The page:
Mayor Martin Walsh said this week he would help National Grid gas workers in their 11-week lockout battle if asked by the workers to assist in any way.
The lockout of two United Steelworkers unions in the gas line division of National Grid has gone on for 11 weeks, and all of it seemed to come to a head on Monday morning, Labor Day, in Back Bay’s Park Plaza – where the workers made a strong showing and stole the show outside the Greater Boston Labor Council’s Labor Day Breakfast.
Mayor Martin Walsh took a detour from going into the Park Plaza hotel on Monday to visit with the hundreds of workers gathered in the Plaza. In Boston, not many have spoken about the lockout, though National Grid workers have been present picketing many jobs around the city.
Later, Walsh said he has offered his assistance to the workers in any way that is helpful, but by Monday, had not been asked by the workers to help.
“Being out long-term hurts both the worker and the consumer, and Mayor Walsh hopes they come to a quick resolution,” read a statement from his office.
The politics of the matter shone through clearly on Monday morning during the rally in the street with the state’s political elite, but another piece of the puzzle is the day-to-day reality of having lost health insurance, paychecks and having to stage labor’s most ardent fight of the past decade.
For locked out worker Rocky Leo, who was standing tall in the crowd down in Boston Monday, the lockout has a human angle – and he said that is exactly what the company is trying to exploit.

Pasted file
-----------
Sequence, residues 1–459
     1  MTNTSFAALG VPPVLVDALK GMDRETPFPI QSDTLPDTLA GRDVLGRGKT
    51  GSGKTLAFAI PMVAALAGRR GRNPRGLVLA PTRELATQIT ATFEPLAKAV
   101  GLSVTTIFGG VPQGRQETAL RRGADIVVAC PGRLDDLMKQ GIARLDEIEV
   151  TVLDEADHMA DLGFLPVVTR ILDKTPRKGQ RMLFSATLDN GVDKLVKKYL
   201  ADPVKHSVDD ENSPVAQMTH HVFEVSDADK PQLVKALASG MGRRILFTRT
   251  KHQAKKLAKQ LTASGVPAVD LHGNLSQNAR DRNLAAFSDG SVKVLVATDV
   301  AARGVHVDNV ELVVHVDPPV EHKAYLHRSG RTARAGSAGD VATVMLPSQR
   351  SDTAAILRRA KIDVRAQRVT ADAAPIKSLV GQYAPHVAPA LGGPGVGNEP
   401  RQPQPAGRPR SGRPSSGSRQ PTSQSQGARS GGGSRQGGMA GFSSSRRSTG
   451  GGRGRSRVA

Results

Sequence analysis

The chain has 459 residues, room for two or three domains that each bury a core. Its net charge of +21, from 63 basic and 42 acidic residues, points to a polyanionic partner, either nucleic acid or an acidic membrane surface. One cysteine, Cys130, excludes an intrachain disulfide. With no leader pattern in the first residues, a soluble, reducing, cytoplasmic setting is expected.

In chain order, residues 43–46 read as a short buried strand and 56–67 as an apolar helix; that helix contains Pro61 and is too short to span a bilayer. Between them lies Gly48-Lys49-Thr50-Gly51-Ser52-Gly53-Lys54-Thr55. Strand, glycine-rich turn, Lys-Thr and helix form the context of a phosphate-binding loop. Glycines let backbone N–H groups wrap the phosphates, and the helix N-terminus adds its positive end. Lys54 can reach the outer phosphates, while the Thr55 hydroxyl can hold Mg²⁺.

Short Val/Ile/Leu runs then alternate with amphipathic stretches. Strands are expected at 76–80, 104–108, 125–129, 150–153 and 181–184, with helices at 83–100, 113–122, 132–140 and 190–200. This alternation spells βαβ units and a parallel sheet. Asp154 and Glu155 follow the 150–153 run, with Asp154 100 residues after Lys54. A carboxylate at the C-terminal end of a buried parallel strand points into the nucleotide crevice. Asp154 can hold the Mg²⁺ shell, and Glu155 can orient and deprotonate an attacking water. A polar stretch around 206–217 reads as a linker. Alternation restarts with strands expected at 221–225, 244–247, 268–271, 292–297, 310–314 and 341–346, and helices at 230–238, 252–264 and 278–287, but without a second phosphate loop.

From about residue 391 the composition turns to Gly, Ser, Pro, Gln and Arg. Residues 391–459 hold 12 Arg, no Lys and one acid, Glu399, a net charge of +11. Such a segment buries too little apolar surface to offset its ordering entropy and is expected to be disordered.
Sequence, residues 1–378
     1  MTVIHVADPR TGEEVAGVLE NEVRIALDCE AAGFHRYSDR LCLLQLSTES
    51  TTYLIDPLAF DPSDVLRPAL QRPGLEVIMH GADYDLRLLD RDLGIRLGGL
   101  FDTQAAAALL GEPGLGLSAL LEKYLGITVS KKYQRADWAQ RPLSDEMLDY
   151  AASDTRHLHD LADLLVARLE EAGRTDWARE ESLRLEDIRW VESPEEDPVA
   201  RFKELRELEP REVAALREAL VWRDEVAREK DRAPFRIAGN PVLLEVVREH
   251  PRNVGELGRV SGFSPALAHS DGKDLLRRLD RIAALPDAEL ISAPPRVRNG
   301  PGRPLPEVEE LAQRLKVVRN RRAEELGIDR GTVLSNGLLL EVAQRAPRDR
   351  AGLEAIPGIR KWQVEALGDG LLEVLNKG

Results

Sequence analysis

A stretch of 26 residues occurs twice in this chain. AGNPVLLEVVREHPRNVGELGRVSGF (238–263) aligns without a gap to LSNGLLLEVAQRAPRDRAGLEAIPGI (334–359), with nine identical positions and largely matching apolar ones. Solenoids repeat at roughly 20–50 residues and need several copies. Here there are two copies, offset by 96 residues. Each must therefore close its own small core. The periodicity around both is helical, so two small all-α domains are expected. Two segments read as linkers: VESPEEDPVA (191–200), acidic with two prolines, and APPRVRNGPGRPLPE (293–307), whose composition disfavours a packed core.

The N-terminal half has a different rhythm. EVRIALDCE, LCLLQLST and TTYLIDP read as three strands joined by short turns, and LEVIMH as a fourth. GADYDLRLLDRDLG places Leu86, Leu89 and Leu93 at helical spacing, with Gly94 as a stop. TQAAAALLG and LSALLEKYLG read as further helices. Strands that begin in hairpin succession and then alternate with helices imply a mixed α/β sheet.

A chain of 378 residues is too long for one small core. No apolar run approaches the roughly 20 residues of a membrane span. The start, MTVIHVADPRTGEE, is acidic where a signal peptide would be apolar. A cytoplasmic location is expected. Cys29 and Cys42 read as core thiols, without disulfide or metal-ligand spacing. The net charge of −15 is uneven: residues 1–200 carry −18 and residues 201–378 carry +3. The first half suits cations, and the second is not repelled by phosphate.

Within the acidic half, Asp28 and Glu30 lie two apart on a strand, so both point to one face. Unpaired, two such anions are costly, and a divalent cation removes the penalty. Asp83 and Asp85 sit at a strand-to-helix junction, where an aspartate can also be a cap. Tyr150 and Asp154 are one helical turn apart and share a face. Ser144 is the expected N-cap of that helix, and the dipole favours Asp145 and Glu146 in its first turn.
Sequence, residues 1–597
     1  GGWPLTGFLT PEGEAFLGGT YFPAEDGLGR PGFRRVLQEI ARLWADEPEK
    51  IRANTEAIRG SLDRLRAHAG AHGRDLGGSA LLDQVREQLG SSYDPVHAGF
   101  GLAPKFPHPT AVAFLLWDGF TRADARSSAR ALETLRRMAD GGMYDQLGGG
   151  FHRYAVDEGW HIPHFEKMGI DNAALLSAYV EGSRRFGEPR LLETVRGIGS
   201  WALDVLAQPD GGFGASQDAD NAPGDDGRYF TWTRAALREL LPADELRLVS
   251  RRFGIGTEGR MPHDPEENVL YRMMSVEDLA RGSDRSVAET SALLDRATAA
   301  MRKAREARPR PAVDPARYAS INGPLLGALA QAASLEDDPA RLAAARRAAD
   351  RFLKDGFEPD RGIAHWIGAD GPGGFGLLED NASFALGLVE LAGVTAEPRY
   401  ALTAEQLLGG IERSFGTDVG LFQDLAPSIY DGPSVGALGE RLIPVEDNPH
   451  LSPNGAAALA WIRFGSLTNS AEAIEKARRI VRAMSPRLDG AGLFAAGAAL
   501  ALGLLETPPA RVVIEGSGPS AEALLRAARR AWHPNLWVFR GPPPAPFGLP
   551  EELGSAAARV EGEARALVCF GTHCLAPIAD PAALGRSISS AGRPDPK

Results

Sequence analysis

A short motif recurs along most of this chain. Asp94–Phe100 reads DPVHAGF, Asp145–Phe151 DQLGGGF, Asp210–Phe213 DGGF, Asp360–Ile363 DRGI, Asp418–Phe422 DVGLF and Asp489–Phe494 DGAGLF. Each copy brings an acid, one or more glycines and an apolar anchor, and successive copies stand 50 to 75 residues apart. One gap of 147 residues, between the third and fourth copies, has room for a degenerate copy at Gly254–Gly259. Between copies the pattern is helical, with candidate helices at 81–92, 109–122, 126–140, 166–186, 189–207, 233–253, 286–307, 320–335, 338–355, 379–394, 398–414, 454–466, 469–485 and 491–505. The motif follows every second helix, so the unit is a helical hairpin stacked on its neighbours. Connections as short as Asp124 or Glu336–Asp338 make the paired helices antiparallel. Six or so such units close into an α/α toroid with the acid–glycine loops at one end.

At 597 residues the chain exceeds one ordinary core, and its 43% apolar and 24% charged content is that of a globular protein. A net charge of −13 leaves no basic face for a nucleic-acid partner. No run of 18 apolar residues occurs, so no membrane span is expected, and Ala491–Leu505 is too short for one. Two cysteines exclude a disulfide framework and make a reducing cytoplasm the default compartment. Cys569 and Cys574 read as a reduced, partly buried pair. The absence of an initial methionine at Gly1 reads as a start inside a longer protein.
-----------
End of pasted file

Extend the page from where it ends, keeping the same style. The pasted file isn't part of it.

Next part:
“They’re banking on us not getting by – we workers going under and losing our health care and defaulting on our mortgages so we have to get in,” he said. “It’s a struggle. It’s been 11 weeks since we were locked out. It’s really hard on many of us and that’s their strategy. They figure we’ll give in.
“Five days in they took our health care away,” he continued. “We had a guy who had just had his leg amputated, and people with diabetes who needed care and children who are being treated for cancer. That’s what we have here.”
The lock out started earlier this summer during contract negotiations with two unions in the National Grid gas operations division.
On Tuesday, Sept. 4, National Grid and the two unions were to come back to the bargaining table. The results of those meetings were not reported immediately, but National Grid said they wanted to resolve the lock out.
“To end the lockout, which is a goal we share with our union employees, we need to have serious, productive conversations about reaching an agreement,” read a statement by National Grid on Tuesday, Sept. 4. “Since June 25, National Grid has communicated to the unions that we remain willing to meet seven days a week to reach an agreement on all outstanding issues. Through a federal mediator, they have so far provided eight dates for meetings that have occurred and we are meeting with them again today, September 4.”
National Grid said they wanted to have a fair contract, but that also meant being responsible to the ratepayers. They said what the union characterize as a drive for company profits at employee expense is actually an effort to preserve reasonable rates for customers in Boston and beyond.
National Grid said the major sticking point is the company’s proposed benefit package that includes a new defined contribution 401(k) retirement plan. That new plan would apply only to new employees hired on or after June 25, 2018.
National Grid said they had negotiated away from pension plans to 401(k) plans with at least 16 other unions representing 84 percent of the company’s employees. National Grid also said the package is consistent with proposals that the Steelworkers have accepted in Massachusetts with all other public utilities.
National Grid said it doesn’t believe customers should have to pay for outdated benefits when most of those customers don’t enjoy such benefits themselves.